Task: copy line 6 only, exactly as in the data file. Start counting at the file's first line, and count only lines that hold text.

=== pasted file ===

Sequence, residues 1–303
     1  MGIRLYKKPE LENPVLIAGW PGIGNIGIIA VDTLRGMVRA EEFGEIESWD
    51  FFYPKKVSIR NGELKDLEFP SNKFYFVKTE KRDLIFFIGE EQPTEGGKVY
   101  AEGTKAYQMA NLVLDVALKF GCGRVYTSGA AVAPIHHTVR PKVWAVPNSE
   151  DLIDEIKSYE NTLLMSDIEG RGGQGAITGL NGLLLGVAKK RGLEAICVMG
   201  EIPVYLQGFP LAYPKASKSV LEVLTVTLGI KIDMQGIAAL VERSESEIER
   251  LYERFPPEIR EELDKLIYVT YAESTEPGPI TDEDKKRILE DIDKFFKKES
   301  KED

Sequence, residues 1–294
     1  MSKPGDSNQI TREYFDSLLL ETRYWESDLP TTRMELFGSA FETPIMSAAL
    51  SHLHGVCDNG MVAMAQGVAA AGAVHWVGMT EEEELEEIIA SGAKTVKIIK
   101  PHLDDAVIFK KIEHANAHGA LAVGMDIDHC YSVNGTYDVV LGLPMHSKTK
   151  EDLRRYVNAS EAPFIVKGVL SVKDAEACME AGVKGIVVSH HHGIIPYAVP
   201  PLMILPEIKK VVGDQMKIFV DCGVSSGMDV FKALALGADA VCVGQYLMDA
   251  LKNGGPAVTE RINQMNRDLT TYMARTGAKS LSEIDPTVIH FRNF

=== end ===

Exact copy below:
   201  EIPVYLQGFP LAYPKASKSV LEVLTVTLGI KIDMQGIAAL VERSESEIER